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Federal court: rainwater levels cannot be regulated by EPA

For the most part, water is a good thing, but it can cause its share of troubles too. The pressure that water puts on creeks and rivers can loosen ground pollutants and cause water contamination. That's what has happened in one out-of-state location where too much water was going into the creek. The Environmental Protection Agency (EPA) attempted to place limits on the amount of water that could flow into the creek.

Their suggestions did not involve getting rid of the water, but rather to divert it elsewhere. The court ruled against the EPA citing that water itself was not a pollutant, and therefore it was not in the EPA's jurisdiction to issue such a mandate. Enforcing such a mandate would also have been expensive, costing over $30 million to divert the excess water from the creek. It also would have been difficult to enforce.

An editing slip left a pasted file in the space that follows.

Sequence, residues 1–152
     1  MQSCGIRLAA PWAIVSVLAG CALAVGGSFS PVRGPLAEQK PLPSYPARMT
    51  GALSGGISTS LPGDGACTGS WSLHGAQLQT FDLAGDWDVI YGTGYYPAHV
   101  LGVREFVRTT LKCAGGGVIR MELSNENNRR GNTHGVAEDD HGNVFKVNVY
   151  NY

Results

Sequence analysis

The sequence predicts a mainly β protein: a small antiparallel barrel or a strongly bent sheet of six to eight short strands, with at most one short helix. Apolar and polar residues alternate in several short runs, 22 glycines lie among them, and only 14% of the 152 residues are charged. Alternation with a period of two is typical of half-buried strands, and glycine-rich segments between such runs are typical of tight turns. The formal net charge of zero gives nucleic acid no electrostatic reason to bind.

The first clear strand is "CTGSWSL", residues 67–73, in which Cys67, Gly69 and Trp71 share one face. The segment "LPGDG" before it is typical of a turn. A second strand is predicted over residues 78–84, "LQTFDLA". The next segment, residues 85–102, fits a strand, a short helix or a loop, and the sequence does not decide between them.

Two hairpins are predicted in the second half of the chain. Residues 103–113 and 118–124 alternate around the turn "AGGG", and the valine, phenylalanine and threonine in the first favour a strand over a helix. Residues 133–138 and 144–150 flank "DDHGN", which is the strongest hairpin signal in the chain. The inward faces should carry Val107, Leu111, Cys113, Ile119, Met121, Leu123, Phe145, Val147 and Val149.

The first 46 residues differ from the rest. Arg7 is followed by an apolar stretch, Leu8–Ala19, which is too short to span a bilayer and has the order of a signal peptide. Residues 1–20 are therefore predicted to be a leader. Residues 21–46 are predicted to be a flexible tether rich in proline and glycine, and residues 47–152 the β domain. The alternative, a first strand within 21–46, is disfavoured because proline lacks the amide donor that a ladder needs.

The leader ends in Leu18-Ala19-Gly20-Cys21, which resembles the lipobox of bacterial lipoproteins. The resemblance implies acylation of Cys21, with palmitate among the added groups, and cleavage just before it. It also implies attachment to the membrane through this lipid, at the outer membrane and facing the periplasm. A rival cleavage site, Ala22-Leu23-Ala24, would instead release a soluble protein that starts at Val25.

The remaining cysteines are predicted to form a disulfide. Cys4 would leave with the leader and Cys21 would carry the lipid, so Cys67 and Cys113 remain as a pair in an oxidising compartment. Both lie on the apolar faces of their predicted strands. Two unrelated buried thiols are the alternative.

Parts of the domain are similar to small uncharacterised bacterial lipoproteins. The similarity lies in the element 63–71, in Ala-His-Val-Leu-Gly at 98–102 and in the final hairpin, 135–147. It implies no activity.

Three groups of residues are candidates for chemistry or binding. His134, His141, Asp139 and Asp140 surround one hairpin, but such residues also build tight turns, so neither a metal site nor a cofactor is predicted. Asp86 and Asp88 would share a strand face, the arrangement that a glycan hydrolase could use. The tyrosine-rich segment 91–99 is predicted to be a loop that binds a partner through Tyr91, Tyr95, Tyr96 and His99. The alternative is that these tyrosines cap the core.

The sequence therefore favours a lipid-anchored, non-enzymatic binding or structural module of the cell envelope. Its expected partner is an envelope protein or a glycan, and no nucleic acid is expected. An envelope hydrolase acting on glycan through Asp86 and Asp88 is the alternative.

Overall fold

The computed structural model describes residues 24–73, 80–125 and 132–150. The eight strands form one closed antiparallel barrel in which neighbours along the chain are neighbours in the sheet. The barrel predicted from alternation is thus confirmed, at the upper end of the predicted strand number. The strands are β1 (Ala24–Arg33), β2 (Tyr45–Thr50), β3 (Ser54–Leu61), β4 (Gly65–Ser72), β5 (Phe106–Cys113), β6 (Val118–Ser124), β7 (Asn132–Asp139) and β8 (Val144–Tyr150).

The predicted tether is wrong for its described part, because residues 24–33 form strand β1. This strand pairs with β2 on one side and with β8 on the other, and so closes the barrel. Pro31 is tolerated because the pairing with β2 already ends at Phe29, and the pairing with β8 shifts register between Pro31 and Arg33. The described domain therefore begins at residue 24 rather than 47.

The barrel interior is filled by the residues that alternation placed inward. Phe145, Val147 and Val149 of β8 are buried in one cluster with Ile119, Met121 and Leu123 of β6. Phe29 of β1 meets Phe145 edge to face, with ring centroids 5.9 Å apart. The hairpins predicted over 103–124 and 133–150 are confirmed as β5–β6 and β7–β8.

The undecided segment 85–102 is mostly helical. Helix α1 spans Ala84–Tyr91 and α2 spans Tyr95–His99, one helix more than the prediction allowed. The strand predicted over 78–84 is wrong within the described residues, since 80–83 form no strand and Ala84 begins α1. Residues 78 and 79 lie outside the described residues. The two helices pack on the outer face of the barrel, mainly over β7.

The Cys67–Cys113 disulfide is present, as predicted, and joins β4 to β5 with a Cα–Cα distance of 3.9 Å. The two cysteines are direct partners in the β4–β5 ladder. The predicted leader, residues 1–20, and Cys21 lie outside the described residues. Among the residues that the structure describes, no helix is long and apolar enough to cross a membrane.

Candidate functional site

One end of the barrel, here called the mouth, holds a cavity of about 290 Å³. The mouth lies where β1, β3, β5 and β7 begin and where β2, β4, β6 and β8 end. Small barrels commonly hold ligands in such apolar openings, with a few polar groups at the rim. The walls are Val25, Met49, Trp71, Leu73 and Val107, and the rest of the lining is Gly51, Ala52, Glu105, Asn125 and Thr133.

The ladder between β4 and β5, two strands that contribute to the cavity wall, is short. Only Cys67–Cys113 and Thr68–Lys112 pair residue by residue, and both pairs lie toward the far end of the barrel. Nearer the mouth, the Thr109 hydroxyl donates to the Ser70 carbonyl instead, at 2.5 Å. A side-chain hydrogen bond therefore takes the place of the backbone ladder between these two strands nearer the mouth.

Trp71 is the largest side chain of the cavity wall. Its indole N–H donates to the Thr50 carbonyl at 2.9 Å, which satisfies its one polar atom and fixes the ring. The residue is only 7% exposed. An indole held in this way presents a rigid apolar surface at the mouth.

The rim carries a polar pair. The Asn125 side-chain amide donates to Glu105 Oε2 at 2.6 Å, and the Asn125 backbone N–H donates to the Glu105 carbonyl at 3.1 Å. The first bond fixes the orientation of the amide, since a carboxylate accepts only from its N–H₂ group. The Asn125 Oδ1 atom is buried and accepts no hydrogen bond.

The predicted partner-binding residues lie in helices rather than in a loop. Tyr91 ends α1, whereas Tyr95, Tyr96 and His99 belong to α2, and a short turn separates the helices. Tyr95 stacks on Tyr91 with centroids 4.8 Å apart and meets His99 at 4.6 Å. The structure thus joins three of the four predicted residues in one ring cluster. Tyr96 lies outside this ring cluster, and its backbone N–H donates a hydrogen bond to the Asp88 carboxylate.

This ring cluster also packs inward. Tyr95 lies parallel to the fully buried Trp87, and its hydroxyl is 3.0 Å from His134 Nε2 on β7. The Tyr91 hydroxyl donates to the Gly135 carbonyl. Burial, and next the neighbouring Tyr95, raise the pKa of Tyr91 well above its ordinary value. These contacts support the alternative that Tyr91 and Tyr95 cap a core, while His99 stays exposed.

While ultimately the EPA may not have a say when water contamination is caused by the water itself, it is still important that the problem not be ignored. Even though they did not win the case, the EPA has increased awareness that creek pollution during heavy rain is a real issue.

It is possible that other less costly solutions might be available if environmental engineers give the problem proper attention. Maybe an extra filtration system could kick in after a heavy rain, or the creek could be expanded, which would not only dilute any contamination, but could prevent flooding as well.

There are human methods of controlling water contamination that must be enforced in order to protect the environment and people's health. Our Georgia river pollution lawyers have experience fighting for quality water standards.

Source: Heartland, "EPA Cannot Regulate Water Flow, Federal Court Rules," Jeff Edgens, Jan. 29, 2013

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